Fulbright scholar to teach martial arts class

jaci.bjorne

A Chinese Fulbright Scholar arrived at Northern this semester to instruct a martial arts class and help students and the community with self-healing.

Master Han Jingsheng is a martial arts instructor, therapeutic massage healer and doctor of tuina, a traditional Chinese medicine.

As a Fulbright Scholar-in-Residence, Master Han is one of 800 teachers and professionals given the opportunity to come to the United States. The grants are awarded to individual scholars to conduct research, give lectures or both at universities in the United States, according to the Fulbright Scholar Program Web site.

The award is competitive and one must have a host in the United States to send a letter to the scholar’s country ensuring that the scholar actually has an individual assisting them in the States, according to the Web site.

Z.Z. Lehmberg, an NMU professor, was the host Master Han needed to attain the Fulbright grant. She brought him to Northern for this semester to teach the martial arts class and give lectures to the community. Lehmberg met Master Han while traveling with students to China in 2006. She will act as his translator until his departure in May after the end of winter semester.

“I was inspired by how well my students and Master Han got along with each other in China,” Lehmberg said. “I noticed a mutual attraction between them; the students were curious about and interested in traditional Chinese medicine and Chinese martial arts, while Master Han was curious about and interested in the American culture and people.”

Lehmberg also said she thought having Master Han come to NMU would be a great experience for both him and the university.

While at Northern, Master Han has written two articles about martial arts and Chinese medicine.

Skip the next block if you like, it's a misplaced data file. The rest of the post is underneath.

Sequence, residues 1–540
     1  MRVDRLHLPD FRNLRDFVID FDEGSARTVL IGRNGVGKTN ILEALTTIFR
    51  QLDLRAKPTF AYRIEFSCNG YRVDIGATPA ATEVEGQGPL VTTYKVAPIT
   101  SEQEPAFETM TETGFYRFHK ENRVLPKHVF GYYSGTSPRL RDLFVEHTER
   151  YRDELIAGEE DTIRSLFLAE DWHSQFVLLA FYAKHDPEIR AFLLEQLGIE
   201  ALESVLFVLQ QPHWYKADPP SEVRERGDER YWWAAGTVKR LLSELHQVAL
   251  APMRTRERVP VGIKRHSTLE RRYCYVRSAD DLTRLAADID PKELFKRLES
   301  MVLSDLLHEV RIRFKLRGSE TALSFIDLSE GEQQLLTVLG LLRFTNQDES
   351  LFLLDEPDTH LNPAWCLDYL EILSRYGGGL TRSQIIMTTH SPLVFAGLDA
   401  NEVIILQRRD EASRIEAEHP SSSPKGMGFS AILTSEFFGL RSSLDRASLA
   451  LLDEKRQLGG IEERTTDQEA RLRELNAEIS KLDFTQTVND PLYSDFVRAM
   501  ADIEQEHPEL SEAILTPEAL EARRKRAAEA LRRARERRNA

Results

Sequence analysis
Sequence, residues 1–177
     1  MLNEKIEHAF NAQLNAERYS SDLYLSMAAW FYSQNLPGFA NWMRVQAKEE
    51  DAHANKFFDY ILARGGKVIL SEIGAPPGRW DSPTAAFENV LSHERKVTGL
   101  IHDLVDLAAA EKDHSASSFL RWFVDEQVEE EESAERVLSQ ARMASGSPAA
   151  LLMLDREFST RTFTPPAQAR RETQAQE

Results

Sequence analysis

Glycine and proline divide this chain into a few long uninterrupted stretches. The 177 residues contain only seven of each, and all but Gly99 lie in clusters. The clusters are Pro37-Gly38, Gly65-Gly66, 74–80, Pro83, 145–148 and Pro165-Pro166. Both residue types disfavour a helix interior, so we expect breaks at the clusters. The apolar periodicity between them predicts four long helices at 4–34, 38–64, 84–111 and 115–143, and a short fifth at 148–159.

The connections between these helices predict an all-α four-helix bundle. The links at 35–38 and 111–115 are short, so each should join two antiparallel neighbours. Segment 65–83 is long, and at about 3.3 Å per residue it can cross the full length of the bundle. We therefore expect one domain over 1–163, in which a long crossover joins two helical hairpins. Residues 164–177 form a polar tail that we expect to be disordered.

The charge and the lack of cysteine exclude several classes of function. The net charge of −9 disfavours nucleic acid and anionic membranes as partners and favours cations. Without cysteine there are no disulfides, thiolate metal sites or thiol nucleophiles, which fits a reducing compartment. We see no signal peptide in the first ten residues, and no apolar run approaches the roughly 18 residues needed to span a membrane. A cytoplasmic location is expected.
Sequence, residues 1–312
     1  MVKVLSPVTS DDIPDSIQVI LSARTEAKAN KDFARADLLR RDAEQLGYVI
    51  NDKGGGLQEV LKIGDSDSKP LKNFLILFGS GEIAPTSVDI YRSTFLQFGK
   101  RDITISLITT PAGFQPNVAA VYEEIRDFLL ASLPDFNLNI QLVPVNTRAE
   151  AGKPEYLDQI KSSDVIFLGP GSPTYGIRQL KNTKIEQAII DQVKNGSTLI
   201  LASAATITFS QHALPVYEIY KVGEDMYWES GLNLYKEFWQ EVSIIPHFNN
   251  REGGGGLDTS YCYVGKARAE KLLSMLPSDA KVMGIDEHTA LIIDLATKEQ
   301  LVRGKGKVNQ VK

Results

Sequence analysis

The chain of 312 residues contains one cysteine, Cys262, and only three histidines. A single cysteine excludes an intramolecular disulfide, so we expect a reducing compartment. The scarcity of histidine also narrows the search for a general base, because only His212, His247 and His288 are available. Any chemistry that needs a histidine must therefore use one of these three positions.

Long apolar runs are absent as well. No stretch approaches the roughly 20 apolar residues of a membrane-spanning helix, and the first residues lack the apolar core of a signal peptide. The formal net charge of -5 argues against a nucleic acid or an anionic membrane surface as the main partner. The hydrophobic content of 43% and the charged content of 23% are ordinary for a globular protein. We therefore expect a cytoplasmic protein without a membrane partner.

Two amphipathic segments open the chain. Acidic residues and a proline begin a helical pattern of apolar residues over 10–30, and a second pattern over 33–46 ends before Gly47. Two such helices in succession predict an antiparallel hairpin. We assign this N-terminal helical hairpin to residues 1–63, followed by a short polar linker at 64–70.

Starting March 11, Han will teach HP295Q Martial Arts in the Berry Events Center on Tuesdays and Thursdays from 6 to 7:40 p.m. This class will focus on the art of yiquan.

In an article written by Master Han and his brother, Han Jingyu, they said, “Summed up, [yiquan] could be called man’s pursuit of a healthy mind and body . aimed at training and cultivating the practitioner by developing the natural instinctive abilities of the human body and mind.”

Master Han has also been giving lectures to NMU classes and to residents of the Marquette area.

NMU students have been working closely with Master Han in preparation for his lectures and classes. These students have been conducting an independent study by translating these lectures into English.

Master Han is teaching the students many different aspects of Chinese culture, said Ellisa Clumpner, junior undeclared major. She is one of the students participating in Master Han’s studies.

“I’m learning a lot of new vocabulary as well as culture as Master Han explains to me Chinese philosophies, martial arts, acupressure and their relationships,” Clumpner said.

Master Han has also had his lectures and speeches translated by NMU student William Gasper.

He said he thought that Master Han’s teachings could benefit more than just individual students.

“Chinese medicine has a lot of things for us to learn,” Gasper said. “This will be very good for our society and it will be interesting.”

Master Han said he feels that he has had quite a different experience than his life in China before he left.

“I feel pretty good here. This is a very quiet and peaceful environment,” he said, through a translator. “The only inconvenience I have experienced is living without a car, and also the language barrier.”

Students can still register for HP295Q Martial Arts with Master Han. The class will only be offered this semester while Master Han is at NMU.